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14.9.1 Installing PostgreSQL

The simplest way to install PostgreSQL is to use precompiled binary packages. RedHat and Fedora have RPM packages for installing the database and client software (although neither distributes the client libraries for Java due to licens- ing issues with Java itself). The PostgreSQL project produces RPM packages of their own, including the Java JDBC class library. Those might be your easiest course. Debian packages for PostgreSQL exist, but again, they do not provide the JDBC library.

For our purposes, we are going to assume that you have downloaded and installed the following RPM packages9 from the PostgreSQL Download page:10

postgresql-server

postgresql-devel

postgresql-jdbc

postgresql-docs (optional)



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9. If you are a user of Debian or another Debian-based Linux distribution, you should be aware that there is a Debian package called alien, which can install and manage RPM packages on a Debian system.

10. http://www.postgresql.org/mirrors-ftp.php

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14.9 Setting Up PostgreSQL for BudgetPro 323

14.9.2 Creating a postgres User

More than likely, installing a PostgreSQL package will create a new Linux user called postgres on your system. This is not a login account; it will be used by the database server process daemon11 (called “postmaster,” lest you think that it might be an e-mail server or something). Furthermore, only the postgres user is able to create additional database users or any databases.

Obviously, we won’t want it to be like this forever. It has the same prob- lem as the root user on the OS itself: There’s one magic user with all the power. You’ll need to create additional users and you’ll want to limit what they can do. How to do it?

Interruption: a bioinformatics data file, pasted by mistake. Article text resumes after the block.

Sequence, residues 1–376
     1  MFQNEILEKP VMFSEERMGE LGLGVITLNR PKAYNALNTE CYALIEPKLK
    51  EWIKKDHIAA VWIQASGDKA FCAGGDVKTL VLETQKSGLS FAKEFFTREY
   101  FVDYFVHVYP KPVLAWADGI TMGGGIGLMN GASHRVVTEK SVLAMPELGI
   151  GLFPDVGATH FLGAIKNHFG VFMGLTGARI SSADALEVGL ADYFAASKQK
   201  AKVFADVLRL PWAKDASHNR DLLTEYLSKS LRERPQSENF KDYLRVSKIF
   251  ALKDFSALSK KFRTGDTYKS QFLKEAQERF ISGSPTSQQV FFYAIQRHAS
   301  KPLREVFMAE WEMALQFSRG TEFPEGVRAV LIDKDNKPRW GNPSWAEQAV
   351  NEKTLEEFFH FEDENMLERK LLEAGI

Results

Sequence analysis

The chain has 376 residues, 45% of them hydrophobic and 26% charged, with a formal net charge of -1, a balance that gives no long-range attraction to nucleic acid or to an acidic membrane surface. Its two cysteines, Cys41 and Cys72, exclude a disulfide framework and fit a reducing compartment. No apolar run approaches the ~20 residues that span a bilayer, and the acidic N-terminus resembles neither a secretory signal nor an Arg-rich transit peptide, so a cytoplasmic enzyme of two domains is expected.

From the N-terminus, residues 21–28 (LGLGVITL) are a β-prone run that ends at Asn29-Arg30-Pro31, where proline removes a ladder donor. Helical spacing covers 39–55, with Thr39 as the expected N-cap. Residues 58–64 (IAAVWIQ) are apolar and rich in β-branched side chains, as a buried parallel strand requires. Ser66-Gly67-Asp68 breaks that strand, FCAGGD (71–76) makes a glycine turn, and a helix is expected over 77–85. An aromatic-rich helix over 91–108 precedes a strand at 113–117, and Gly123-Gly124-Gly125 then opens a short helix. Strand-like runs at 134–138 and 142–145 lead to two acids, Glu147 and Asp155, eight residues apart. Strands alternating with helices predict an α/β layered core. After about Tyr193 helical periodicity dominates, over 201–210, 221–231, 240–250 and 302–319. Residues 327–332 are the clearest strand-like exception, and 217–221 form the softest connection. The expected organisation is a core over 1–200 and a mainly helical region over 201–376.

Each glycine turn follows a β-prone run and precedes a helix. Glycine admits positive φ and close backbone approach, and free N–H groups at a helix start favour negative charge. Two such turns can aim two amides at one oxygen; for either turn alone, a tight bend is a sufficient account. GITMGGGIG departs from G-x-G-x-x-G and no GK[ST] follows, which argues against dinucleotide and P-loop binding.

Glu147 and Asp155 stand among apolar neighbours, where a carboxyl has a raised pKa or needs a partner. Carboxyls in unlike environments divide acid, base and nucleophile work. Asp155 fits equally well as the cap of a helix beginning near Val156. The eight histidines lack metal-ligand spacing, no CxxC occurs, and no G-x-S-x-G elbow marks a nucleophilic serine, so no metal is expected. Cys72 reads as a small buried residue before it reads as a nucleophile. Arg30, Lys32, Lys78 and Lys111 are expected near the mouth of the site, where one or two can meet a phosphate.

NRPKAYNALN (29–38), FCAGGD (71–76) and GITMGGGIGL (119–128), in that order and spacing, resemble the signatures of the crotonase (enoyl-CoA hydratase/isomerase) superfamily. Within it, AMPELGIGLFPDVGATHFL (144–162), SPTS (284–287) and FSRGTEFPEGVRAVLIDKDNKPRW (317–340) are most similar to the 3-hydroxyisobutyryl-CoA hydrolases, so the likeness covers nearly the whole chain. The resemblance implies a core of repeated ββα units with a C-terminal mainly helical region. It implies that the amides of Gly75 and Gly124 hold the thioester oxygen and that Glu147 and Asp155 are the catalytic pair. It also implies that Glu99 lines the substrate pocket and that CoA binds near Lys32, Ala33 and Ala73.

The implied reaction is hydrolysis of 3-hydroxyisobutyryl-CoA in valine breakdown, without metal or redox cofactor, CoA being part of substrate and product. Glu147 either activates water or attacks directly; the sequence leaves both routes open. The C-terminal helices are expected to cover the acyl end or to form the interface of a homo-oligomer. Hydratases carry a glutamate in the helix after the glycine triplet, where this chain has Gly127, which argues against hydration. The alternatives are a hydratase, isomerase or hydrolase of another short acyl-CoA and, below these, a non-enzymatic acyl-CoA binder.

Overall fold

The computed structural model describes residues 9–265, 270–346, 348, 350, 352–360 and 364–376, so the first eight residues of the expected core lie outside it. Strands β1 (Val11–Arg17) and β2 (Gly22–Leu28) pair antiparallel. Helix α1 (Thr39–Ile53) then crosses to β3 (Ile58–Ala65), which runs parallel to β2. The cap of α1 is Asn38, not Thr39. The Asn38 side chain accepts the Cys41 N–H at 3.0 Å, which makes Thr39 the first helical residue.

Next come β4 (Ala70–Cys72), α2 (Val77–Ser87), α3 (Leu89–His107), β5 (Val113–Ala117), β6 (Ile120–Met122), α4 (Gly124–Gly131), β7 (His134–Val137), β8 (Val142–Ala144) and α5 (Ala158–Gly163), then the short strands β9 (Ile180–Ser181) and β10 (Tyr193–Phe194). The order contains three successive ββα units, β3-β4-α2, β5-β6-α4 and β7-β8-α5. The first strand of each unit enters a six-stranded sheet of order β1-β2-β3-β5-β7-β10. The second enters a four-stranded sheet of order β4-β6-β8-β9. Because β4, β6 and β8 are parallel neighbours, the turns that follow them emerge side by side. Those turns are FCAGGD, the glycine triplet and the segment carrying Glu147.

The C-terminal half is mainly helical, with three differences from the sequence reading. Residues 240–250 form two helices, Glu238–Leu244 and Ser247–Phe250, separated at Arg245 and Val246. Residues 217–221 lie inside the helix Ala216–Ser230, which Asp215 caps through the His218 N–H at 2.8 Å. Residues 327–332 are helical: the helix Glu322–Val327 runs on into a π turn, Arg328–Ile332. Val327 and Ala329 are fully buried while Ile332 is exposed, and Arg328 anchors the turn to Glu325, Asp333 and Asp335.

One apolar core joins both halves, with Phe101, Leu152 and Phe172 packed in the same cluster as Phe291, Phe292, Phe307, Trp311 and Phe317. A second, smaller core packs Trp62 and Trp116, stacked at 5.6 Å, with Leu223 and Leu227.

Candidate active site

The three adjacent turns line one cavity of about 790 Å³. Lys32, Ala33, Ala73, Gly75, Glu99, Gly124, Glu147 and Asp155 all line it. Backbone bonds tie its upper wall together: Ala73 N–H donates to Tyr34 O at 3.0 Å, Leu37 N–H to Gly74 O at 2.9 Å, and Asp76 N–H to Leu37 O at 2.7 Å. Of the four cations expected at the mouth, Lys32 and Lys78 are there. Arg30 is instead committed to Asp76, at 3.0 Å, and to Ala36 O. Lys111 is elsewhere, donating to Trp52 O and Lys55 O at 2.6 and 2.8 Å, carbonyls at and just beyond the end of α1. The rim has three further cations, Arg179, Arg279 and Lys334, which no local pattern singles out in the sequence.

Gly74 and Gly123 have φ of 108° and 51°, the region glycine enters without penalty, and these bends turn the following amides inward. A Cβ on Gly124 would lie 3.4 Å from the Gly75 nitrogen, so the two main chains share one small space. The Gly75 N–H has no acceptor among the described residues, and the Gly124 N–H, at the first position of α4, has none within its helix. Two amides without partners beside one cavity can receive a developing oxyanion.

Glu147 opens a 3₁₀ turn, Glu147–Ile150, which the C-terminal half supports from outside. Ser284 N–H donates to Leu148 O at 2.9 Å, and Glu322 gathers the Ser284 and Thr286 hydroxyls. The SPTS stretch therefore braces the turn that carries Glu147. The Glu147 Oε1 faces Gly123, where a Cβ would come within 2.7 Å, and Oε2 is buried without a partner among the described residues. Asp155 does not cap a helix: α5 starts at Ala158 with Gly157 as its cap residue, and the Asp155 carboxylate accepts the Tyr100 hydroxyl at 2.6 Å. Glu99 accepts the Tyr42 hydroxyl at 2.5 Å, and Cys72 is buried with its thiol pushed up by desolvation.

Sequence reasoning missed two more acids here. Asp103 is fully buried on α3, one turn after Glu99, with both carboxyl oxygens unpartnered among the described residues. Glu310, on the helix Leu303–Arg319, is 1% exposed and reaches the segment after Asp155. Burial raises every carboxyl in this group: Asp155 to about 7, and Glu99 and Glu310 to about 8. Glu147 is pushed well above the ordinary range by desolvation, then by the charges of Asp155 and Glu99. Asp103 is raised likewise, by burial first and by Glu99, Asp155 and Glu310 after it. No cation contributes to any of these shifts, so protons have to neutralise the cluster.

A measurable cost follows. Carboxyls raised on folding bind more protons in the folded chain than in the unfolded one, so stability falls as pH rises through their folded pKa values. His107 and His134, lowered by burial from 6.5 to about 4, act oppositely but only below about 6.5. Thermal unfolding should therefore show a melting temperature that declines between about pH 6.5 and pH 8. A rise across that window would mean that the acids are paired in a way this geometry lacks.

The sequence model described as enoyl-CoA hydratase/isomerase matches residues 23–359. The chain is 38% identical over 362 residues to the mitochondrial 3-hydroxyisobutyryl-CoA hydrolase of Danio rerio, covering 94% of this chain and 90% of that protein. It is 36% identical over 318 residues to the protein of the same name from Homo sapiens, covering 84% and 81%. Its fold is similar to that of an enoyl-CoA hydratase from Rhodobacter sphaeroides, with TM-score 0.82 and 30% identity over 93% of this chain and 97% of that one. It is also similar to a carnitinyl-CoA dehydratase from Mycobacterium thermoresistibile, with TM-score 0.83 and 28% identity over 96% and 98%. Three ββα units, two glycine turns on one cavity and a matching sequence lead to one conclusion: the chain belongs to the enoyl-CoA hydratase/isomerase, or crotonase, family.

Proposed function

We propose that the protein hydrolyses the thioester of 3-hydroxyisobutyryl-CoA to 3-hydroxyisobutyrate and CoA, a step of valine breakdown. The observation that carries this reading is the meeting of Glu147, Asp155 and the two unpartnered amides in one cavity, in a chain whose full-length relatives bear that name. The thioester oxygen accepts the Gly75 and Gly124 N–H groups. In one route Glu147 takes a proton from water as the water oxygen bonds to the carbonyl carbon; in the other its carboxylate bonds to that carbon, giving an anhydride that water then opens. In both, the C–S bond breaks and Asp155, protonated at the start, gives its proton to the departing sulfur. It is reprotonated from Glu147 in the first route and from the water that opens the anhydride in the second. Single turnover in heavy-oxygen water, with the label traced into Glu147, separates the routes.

First off, you can’t log in as postgres, so you will have to become root

and then su to the postgres user:


[mschwarz@cassidy mschwarz]$ su - Password:

[root@cassidy root]# su - postgres

-bash-2.05b$


Note that postgres didn’t have any profile or rc script to set up prompts or anything.

All PostgreSQL databases have owning users, in much the same way that all Linux files have owning users. But PostgreSQL users are not necessarily the same as Linux users.12 The only PostgreSQL user that exists “out of the box” is postgres. You must use the createuser command-line utility (or the equivalent SQL) to create a user. Here’s an example:


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11. Historically, daemon processes on UNIX systems used to be run as root. But a program error in a daemon would allow a malicious user to execute code as the owner of the process. If that owner is root, one programming mistake in a server process could give an attacker total control of the system. Beware of any daemon process that runs as root. Nowadays, these run as either a totally nonpriviledged user such as nobody, or, if they really need to write files or some such thing, as a catch-all user like daemon. The database is an important process and it needs its own security, so it runs as its own user, postgres.

12. For most PostgreSQL command-line utilities, if no PostgreSQL username is specified, the current Linux username will be used. This is often a convenient choice, but you might have compelling reasons not to do this.


-bash-2.05b$ createuser mschwarz

Shall the new user be allowed to create databases? (y/n) y Shall the new user be allowed to create more new users? (y/n) y CREATE USER

-bash-2.05b$


Here, we created the PostgreSQL user mschwarz and gave him the ability to create databases and new users.